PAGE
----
A recent report released by the State Department of Health has brought disturbing news regarding drug use in Maryland. According to the department, drug overdoses increased a considerable 15 percent from 2011 to 2012. The likely culprit for the increase in drug fatalities is the popularity and resulting pervasiveness of heroin in all areas of the state, from downtown Baltimore to the suburbs. We have blogged and posted web pages about the comeback of heroin, and these statistics simply offer more proof that the drug is enjoying a second coming, albeit a deadly one. In 2011 the state reported 245 heroin related deaths, but last year this number ballooned to 378, while the total alcohol and drug related deaths rose from 663 to 761 from 2011 to 2012. Prince George's County and Baltimore City were responsible for the jump, as most other areas of the state reported a similar number of drug fatalities in the last two years.
Law enforcement has reported that six Pennsylvania residents were recently arrested for various drug crimes in Ocean City. To call the out of state residents tourists may be a bit generous, because it seems from the police reports that the six young men and women may have been on the Eastern Shore for business purposes, as in selling the products they were arrested with. The arrest began as most drug arrests do, with a traffic stop for a seemingly harmless infraction. Upon approaching the car, the Ocean City Police officers allegedly observed the occupants acting nervous and suspicious. Thereupon, the cops ordered the occupants out of the vehicle and conducted a search. It is unclear whether the officers obtained permission to search, whether they lied about obtaining permission to search, or whether their observations gave them probable cause to detain and search. What is clear is that the driver and five passengers were all arrested for possession of marijuana and possession of LSD. Three of the occupants were charged with felony possession with intent to deliver, and one was charged with possession of a concealed dangerous weapon, a butterfly knife found on her person. The driver was also issued traffic citations including failure to wear a seatbelt, which undoubtedly was the initial cause of the traffic citation. Four of the occupants were released at the police station, and the other two were taken the Worcester County jail and released after posting a $2,500 bail.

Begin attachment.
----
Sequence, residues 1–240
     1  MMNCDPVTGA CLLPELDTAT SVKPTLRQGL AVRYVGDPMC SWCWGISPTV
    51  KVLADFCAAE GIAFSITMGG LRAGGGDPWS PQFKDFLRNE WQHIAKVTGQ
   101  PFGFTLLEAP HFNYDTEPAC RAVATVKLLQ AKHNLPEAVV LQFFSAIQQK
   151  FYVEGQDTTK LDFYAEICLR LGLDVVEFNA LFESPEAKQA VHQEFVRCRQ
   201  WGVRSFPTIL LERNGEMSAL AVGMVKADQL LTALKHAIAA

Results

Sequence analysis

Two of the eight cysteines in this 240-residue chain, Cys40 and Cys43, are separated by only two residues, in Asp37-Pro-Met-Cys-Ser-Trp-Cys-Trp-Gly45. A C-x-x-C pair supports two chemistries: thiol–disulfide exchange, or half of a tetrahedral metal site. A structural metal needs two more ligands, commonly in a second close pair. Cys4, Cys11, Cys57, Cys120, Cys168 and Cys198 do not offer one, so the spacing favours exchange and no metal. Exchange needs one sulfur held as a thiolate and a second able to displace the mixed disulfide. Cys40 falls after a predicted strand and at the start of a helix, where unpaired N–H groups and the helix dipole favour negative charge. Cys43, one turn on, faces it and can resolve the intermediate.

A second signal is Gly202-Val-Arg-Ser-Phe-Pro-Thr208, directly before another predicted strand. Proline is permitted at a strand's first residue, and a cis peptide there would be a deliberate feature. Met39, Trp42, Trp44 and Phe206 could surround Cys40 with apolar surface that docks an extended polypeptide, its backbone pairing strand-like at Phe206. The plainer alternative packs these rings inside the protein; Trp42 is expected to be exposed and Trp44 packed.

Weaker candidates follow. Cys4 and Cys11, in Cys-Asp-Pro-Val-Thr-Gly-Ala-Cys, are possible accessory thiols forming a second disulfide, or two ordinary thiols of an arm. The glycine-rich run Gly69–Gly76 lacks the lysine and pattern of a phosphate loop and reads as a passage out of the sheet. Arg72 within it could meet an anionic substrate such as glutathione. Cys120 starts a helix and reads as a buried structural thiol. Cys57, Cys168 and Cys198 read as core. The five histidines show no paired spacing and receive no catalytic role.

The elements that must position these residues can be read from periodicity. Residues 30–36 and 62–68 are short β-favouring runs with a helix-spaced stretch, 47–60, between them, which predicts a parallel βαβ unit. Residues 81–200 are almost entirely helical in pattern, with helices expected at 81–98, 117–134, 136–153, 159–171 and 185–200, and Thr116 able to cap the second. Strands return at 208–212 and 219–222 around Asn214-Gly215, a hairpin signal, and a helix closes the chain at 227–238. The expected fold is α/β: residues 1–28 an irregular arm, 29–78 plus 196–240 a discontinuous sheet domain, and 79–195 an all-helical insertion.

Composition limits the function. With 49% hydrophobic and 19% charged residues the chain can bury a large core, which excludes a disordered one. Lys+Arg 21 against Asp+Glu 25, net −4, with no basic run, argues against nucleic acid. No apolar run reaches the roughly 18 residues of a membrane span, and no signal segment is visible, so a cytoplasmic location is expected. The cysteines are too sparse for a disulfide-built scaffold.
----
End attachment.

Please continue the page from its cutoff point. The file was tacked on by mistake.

Police in Calvert County have announced an arrest in a three month long drug dealing investigation, which concluded last week. The suspect, a 28 year old man hailing from Scotland, Maryland, was arrested on three controlled substance violations including misdemeanor heroin possession, felony possession with intent to distribute, and CDS possession of a large amount. The man was released a few days after being taken into custody on a $75,000 bail. His case is now set for a preliminary hearing in Calvert County District Court on July 12th, but the case will undoubtedly be sent to Circuit Court for disposition.
County police began investigating the man back in March, and used a variety of sources during the course of the investigation. Perhaps the biggest break in the case came when state troopers arrested a different man on a drug violation, and then obtained a search warrant for his phone. Police found numerous text messages between the two men, which discussed potential sales and other drug information. Confidential informants were also used by police to gather information about the 28-year-old man, who was widely believed to have been one of Southern Maryland's largest heroin dealers. The informants also allegedly told police that the man is known for carrying a firearm to and from trips to his own supplier. This information led police to begin surveillance on the alleged dealer, which was conducted by the Drug Enforcement Unit of the Calvert Police. On the day of the arrest, the DEU followed the man has he allegedly made numerous stops at houses of suspected heroin buyers, and also observed the man engage in a hand to hand transaction with two individuals in an SUV. Calvert County Police and Sheriffs then conducted a traffic stop on the man where they located approximately 100 grams of heroin in the engine compartment of the vehicle, and numerous bundles of cash.